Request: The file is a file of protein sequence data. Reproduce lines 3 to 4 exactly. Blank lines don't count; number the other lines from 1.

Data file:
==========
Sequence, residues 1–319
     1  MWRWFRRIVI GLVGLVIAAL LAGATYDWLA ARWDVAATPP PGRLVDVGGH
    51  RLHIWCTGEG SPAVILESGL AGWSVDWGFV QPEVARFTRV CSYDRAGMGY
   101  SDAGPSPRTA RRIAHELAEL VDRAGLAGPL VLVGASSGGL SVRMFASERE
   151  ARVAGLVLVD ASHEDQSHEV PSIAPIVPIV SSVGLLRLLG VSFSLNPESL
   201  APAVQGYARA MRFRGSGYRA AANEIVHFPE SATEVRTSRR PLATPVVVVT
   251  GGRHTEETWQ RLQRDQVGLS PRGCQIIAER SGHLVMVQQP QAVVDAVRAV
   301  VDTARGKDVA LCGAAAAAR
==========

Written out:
    51  RLHIWCTGEG SPAVILESGL AGWSVDWGFV QPEVARFTRV CSYDRAGMGY
   101  SDAGPSPRTA RRIAHELAEL VDRAGLAGPL VLVGASSGGL SVRMFASERE